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I have the following scenario;

Dim cmd as New SQLCommand
cmd.Connection = myopenconnection
cmd.CommandText = "usp_getdata"
cmd.Parameters.AddWithValue("@Year", 2008)
cmd.CommandType = StoredProcedure
Dim reader = cmd.ExecuteReader

The application get stuck and keep waiting for a response when the above is excuted. I have tryed to execute the SQL command from SQL Management studio and it works fine and on another copy of the database.

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What does the SP look like? Take a look at this article - perhaps this will explain why you are getting different results from the app than from SSMS. – Oded Jan 3 '12 at 17:53
    
Checked for locks, etc, on the target database? When you run it from management studio, are you sure to use the same login as the .Net applicaiton? – MatBailie Jan 3 '12 at 17:54
    
Please explain what you do with the reader variable. – Oded Jan 3 '12 at 18:00
    
The reader variable is returned if the .read is sucessful – A. Agius Jan 3 '12 at 18:04
    
@dems, Yes, I am sure that I am using the same login credentials. – A. Agius Jan 3 '12 at 18:05

Execute a stored procedure with no data return

Instead of calling SqlCommand.ExecuteReader(), call SqlCommand.ExecuteNonQuery().

As per this MSDN reference:

ExecuteReader

Executes commands that return rows. For increased performance, ExecuteReader invokes commands using the Transact-SQL sp_executesql system stored procedure. Therefore, ExecuteReader might not have the effect that you want if used to execute commands such as Transact-SQL SET statements.

ExecuteNonQuery

Executes commands such as Transact-SQL INSERT, DELETE, UPDATE, and SET statements.

EDIT:

Execute a stored procedure to retrieve data

Or if what you're trying to do is return a scalar value, you can use SqlCommand.ExecuteScalar(). But if you're looking to get data, you need to utilize a SqlDataReader object, like so:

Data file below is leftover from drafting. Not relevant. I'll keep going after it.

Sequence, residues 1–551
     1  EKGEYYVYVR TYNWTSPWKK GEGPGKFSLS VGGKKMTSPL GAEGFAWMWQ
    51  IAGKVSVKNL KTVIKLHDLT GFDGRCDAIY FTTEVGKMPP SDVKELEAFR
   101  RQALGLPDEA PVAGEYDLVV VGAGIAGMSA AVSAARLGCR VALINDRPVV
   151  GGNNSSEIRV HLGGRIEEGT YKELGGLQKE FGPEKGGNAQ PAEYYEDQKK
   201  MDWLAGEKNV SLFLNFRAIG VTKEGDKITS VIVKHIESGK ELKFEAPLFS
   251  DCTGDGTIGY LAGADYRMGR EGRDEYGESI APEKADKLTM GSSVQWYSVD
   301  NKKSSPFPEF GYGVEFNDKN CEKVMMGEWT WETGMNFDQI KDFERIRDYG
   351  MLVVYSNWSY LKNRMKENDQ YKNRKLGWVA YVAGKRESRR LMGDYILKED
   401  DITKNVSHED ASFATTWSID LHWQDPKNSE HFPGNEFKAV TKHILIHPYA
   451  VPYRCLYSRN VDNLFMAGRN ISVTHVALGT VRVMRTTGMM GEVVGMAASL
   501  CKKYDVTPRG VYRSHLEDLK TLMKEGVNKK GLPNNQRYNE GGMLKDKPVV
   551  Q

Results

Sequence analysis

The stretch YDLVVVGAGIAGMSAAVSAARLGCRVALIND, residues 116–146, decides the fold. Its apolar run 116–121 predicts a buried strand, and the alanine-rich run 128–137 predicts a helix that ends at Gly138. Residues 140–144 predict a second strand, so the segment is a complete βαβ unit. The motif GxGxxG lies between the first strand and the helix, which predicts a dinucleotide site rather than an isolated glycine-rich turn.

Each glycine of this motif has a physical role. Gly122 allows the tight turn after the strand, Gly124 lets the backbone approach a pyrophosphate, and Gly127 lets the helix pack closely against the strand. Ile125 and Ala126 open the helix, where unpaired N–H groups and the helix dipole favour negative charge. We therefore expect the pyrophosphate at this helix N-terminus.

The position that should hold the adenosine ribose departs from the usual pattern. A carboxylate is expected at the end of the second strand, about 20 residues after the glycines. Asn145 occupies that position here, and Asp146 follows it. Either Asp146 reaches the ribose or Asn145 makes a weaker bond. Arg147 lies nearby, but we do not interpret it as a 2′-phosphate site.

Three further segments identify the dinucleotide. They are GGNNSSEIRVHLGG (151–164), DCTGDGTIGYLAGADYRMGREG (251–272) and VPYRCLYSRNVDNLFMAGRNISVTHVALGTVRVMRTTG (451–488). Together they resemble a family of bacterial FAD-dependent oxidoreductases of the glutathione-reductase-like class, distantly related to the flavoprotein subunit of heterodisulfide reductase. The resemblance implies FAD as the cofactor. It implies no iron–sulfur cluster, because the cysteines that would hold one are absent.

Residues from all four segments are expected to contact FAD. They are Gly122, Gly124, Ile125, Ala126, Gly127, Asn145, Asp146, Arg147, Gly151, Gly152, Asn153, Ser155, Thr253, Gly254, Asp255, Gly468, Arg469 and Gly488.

Dim queryString As String = "usp_getdata"

    Using connection As New SqlConnection(connectionString)
        Dim command As New SqlCommand(queryString, connection)
        command.CommandType = CommandType.StoredProcedure
        connection.Open()

        Dim reader As SqlDataReader = command.ExecuteReader()

        ' Call Read before accessing data.
        While reader.Read()
            Console.WriteLine(String.Format("{0}, {1}", _
                reader(0), reader(1)))
        End While

        ' Call Close when done reading.
        reader.Close()
    End Using

SqlDataReader Class Reference

share|improve this answer
    
And if it is supposed to return results? usp_getdate implies that ExecuteReader is the right choice. – Oded Jan 3 '12 at 17:53
    
@Oded, good point. Let me modify. – user596075 Jan 3 '12 at 17:55
    
As the SP is called _getData I'd wager that it returns data... – MatBailie Jan 3 '12 at 17:56
    
This doesn't really answer the question though, does it? – Oded Jan 3 '12 at 17:58
    
@Oded well I would think it does, because if the OP is just calling ExecuteReader() without stepping through it and retrieving values, it would appear as though nothing is happening. – user596075 Jan 3 '12 at 17:59
up vote 0 down vote accepted

Very slow/not working code;

  Dim cmd As New SQLCommand
  cmd.Connection = myopenconnection
  cmd.CommandText = "usp_getdata"
  cmd.Parameters.AddWithValue("@Year", 2008)
  cmd.CommandType = StoredProcedure
  Dim reader = cmd.ExecuteReader

The problem was solved by modifiying the above code to;

 Dim cmd As New SQLCommand
 cmd.Connection = myopenconnection
 cmd.Parameters.AddWithValue("@Year", 2008)
 cmd.CommandText = "Exec usp_getdata @Year With Recompile"
 cmd.CommandType = Text
 Dim reader = cmd.ExecuteReader
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